If you have been following WordPress news for the last year or so, you’ve probably heard of the WordPress REST API. In fact, it’s hard not to hear about it. Take a look at the schedule of a recent WordCamp, and you’re almost guaranteed to find a talk about the REST API. There’s no doubt it’s the most exciting feature to come to WordPress in a while, but if you’re not familiar with the REST API, you might be wondering what all the hoopla is about.
What is the WordPress REST API?
First of all, API stands for Application Programming Interface. It’s basically a fancy name for a set of rules for how software components interact with each other. It tells software applications how to retrieve and input data. For example, your Twitter widget makes calls to the Twitter API to get the right set of tweets that belong to you so that you can display it on your website. The REST (which stands for Representational State Transfer) API is just a special kind of approach to APIs. It usually involves four different kinds of methods:
GET (get data),
PUT (replace data),
POST (create data), and
DELETE (delete data).
So what does this all mean? This means that the REST API provides me specific rules to make a
GET request. I can type in
example-site.com/wp-json/wp/v2/posts and get back pure, unadulterated data about all of the site’s posts. This, of course, assumes that the site has the REST API plugin installed or is running the right version of WordPress when the REST API is merged into core. The JSON data that is returned is quite important, because this means your data is now highly portable and accessible on different platforms (more on that in a bit).
What Can I Do With It?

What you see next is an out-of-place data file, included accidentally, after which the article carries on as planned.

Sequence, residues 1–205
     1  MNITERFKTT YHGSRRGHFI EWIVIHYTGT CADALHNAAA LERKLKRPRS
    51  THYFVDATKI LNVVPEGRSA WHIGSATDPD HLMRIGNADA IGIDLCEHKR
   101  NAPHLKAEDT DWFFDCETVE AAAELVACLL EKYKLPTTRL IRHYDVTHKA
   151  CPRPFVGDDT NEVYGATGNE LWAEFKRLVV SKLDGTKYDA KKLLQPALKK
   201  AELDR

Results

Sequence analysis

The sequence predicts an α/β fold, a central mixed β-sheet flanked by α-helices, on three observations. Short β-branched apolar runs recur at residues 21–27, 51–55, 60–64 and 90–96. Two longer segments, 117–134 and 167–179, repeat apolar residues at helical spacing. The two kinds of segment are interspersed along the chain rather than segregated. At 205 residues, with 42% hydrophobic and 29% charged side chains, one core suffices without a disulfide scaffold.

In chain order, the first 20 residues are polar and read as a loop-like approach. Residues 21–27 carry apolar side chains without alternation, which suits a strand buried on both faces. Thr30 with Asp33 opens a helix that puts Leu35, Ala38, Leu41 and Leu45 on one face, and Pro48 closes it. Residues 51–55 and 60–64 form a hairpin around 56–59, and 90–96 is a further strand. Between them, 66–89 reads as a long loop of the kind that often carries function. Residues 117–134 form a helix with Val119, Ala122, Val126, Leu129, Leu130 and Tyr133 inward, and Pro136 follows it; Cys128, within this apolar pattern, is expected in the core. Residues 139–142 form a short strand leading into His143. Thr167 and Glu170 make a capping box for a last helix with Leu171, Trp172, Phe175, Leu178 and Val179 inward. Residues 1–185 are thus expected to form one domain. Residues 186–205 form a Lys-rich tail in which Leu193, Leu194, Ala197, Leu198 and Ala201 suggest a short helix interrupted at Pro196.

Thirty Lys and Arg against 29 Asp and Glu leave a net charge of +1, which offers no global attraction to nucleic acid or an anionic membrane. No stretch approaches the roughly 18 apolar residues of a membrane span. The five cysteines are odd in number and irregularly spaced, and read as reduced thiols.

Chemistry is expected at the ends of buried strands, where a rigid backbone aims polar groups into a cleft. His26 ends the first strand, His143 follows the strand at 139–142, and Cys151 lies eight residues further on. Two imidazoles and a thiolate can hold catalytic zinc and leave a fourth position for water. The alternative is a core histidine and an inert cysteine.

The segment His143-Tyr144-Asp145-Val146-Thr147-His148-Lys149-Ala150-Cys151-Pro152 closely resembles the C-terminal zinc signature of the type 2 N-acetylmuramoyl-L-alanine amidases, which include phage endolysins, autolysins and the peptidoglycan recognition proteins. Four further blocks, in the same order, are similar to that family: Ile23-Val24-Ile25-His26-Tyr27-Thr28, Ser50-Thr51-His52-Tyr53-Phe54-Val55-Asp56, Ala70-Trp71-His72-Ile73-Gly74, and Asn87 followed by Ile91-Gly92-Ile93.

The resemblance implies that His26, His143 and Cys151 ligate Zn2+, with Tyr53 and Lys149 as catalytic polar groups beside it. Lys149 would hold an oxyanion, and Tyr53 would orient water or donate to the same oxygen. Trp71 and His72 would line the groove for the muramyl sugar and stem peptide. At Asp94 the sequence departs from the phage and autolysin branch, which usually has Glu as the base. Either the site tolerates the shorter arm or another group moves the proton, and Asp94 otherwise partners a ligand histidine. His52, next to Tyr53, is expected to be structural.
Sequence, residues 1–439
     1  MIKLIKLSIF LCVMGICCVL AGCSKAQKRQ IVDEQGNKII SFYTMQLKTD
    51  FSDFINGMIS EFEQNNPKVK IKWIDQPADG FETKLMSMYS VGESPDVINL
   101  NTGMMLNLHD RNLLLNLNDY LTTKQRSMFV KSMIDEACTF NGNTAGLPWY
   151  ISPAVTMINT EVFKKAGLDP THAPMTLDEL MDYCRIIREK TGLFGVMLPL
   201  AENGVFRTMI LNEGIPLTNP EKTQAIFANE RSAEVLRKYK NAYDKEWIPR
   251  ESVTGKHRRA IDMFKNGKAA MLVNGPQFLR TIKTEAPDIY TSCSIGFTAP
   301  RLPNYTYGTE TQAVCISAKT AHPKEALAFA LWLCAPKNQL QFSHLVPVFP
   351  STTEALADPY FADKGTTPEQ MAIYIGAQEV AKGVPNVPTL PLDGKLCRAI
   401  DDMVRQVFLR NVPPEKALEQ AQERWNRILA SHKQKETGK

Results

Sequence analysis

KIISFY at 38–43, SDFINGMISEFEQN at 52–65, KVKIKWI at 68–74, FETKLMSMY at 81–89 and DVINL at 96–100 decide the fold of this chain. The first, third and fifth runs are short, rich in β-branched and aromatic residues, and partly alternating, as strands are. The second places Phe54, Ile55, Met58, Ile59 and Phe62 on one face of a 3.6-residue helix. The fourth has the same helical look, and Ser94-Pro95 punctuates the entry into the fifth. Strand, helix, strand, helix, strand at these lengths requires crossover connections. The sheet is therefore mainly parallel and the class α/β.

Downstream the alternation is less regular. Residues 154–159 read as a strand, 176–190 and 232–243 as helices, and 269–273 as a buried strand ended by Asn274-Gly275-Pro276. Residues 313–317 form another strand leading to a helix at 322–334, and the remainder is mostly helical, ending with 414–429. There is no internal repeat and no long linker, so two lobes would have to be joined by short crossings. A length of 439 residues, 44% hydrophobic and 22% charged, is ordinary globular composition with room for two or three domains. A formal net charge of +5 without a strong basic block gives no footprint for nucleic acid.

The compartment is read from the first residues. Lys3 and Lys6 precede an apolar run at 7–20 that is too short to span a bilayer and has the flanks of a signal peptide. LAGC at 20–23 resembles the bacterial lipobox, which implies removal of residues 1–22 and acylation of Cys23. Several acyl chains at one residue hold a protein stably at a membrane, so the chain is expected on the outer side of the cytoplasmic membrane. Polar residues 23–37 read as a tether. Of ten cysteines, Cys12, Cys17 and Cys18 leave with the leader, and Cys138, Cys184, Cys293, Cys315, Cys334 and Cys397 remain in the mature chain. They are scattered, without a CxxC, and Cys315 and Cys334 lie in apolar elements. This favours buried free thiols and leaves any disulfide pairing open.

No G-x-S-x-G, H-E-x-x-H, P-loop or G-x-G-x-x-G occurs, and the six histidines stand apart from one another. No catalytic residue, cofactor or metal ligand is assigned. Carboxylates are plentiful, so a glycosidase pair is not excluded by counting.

Throwing around all these capital letters don’t mean much unless we know what to do with it. Why are people so excited about it? What are the possibilities? I’m glad you asked. There are three important features about the WordPress REST API that open the platform to new possibilities.
1. Your data is portable
With the WordPress REST API, your content escapes their PHP prison that is required to run WordPress. The simple JSON data format means your data can be read by all sorts of different programming languages and platforms. Most importantly, your data is now a lot friendlier to mobile platforms. Imagine a mobile app developer being able to get the title and content of your latest post without having to deal with all the extra HTML on your website. This makes his/her job a lot easier when coding an app that uses your content.
2. Themes are optional
3. The admin dashboard is optional, too
Remember how the REST API allows you to
DELETE data? This means that you can create and edit posts without visiting the WordPress admin. This has huge implications for mobile applications — we can now build apps that interact with a WordPress website.
I’m Sold. Where Do I Start?
Assuming that the REST API hasn’t made its way into the WordPress core yet, you’ll need the WordPress REST API plugin. There are more than one JSON API plugins out there, but the one that you want is here. Also keep in mind that the plugin and API architecture is changing, as version 2 is coming out and is on track to be merged into core.
To get a good overview of the REST API, you can check out the presentation by Rachel Baker over at WPSessions. The session is paid, but is well worth it. You can also check out WPEngine’s free guide to the REST API.
The WordPress REST API is evolving as it prepares for a merge into the WordPress core. But that doesn’t mean you can’t start playing around with it. It’s one of the most promising features to come to WordPress in a while, and getting ahead of the curve will only benefit you.